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eutectics, glaze melting

updated tue 24 nov 09


David Finkelnburg on mon 23 nov 09

Warning--this is technical, may provoke a sleep response!
Lest someone read something that wasn't there into my response to Ivor=
I have never suggested that a mixture of 1 CaO: .35 Al2O3 : 3.5 SiO2 is a
eutectic mixture. However, wide experience over time has proved it and
mixtures like it melt at far lower temperatures than the melting
temperatures of the individual ingredients. Why is this? What is
I propose that Lee's comment, in jest, about "angels on the head of a
pin," may not be so far off. Somewhere within our mix of powders of
whiting, alumina and silica it is likely a eutectic combination of
oxide atoms of calcium, aluminium and silicon in contact. As the eutectic
temperature for that combination is reached, those atoms form a liquid
Once that first droplet of liquid forms we are no longer dependent on =
eutectic composition for glaze melting to proceed. Something called liquid
phase sintering can occur. For the truly diligent, I recommend reading
articles and books by W. David Kingery, among others, as references on this
subject, but I will warn you, the stuff is dry and dense enough to make eve=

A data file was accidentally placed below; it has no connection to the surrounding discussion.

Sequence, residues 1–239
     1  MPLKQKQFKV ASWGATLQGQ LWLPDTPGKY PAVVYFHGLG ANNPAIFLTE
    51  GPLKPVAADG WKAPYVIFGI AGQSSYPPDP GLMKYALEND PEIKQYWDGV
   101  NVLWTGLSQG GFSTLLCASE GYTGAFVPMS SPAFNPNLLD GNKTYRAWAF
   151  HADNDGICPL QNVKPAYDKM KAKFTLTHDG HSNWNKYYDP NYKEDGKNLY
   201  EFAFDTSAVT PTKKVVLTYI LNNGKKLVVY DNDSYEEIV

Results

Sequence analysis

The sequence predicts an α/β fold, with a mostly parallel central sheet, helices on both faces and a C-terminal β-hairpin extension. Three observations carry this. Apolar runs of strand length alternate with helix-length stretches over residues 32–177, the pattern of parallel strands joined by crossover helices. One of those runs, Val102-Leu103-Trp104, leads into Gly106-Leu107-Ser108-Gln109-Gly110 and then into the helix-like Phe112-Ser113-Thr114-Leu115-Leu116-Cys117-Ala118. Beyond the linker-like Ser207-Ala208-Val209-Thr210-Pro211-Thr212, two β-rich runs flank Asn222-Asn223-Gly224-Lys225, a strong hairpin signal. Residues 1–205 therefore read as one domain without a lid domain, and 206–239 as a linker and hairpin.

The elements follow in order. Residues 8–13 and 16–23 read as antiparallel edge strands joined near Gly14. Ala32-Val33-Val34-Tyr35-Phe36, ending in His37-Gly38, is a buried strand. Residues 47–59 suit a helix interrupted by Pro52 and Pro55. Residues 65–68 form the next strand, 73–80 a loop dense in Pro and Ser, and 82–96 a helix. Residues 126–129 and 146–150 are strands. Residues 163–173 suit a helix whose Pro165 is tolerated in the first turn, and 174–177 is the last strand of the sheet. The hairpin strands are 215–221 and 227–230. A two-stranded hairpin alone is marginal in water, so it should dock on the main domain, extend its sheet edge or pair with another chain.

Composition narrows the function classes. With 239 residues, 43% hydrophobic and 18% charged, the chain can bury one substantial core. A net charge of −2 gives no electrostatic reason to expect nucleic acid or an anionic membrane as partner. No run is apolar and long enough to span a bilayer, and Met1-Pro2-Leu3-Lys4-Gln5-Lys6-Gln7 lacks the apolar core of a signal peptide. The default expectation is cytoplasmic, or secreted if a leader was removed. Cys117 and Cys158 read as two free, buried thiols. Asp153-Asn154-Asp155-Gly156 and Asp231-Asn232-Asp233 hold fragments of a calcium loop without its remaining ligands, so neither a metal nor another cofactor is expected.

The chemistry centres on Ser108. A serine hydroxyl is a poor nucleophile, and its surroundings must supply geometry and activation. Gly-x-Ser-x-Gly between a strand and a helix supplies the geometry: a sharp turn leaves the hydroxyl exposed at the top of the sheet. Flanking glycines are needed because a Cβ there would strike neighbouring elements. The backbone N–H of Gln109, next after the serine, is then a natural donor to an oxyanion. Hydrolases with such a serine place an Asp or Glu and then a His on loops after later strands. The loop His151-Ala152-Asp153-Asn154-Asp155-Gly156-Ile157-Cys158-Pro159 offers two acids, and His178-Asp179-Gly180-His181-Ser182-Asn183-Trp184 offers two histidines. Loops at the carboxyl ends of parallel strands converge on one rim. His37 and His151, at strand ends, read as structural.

my eyes glaze over! :-)
In low fire systems getting to liquid is a challenge. Thus lead was
used, because its compounds melt at a low temperatures. Now boron compound=
serve that purpose. Lithium, potassium and sodium also work at lower
temperatures to initiate melting. However, even typical higher temperature
fluxes can be drawn into the glass once a liquid phase is formed.
My point is, a glaze does *not* have to have a eutectic composition to
melt. However, in the absence of any liquid glass, if we ask, what starts
the melting in the first place, we must conclude that either a single
material melts, or, as I suspect is more often the case, a eutectic mixture
melts and then liquid phases form that continue the melting process.
Does any of this help you make better glazes, or better art? Only if
it can help you to think about why mixtures of oxides tend to melt at lower
temperatures than the individual oxides themselves.
Enough for this morning. The hump-thrown bowls are nearly ready to
Good potting,
Dave Finkelnburg